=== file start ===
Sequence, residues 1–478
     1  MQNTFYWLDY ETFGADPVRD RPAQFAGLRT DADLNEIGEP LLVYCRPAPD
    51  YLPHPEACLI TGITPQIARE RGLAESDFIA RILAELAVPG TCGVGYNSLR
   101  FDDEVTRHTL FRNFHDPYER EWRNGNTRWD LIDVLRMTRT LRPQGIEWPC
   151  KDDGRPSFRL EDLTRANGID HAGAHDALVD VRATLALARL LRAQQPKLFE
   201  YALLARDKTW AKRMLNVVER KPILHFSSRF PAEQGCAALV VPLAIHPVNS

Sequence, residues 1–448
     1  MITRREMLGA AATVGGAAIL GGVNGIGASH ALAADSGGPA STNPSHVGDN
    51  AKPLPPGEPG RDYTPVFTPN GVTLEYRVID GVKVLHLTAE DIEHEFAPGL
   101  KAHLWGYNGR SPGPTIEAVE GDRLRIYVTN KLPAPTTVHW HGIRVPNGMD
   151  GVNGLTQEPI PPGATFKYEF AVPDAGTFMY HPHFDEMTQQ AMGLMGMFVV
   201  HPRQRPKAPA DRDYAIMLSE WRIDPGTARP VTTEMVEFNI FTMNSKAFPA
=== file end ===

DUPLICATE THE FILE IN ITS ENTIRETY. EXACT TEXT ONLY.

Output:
Sequence, residues 1–478
     1  MQNTFYWLDY ETFGADPVRD RPAQFAGLRT DADLNEIGEP LLVYCRPAPD
    51  YLPHPEACLI TGITPQIARE RGLAESDFIA RILAELAVPG TCGVGYNSLR
   101  FDDEVTRHTL FRNFHDPYER EWRNGNTRWD LIDVLRMTRT LRPQGIEWPC
   151  KDDGRPSFRL EDLTRANGID HAGAHDALVD VRATLALARL LRAQQPKLFE
   201  YALLARDKTW AKRMLNVVER KPILHFSSRF PAEQGCAALV VPLAIHPVNS

Sequence, residues 1–448
     1  MITRREMLGA AATVGGAAIL GGVNGIGASH ALAADSGGPA STNPSHVGDN
    51  AKPLPPGEPG RDYTPVFTPN GVTLEYRVID GVKVLHLTAE DIEHEFAPGL
   101  KAHLWGYNGR SPGPTIEAVE GDRLRIYVTN KLPAPTTVHW HGIRVPNGMD
   151  GVNGLTQEPI PPGATFKYEF AVPDAGTFMY HPHFDEMTQQ AMGLMGMFVV
   201  HPRQRPKAPA DRDYAIMLSE WRIDPGTARP VTTEMVEFNI FTMNSKAFPA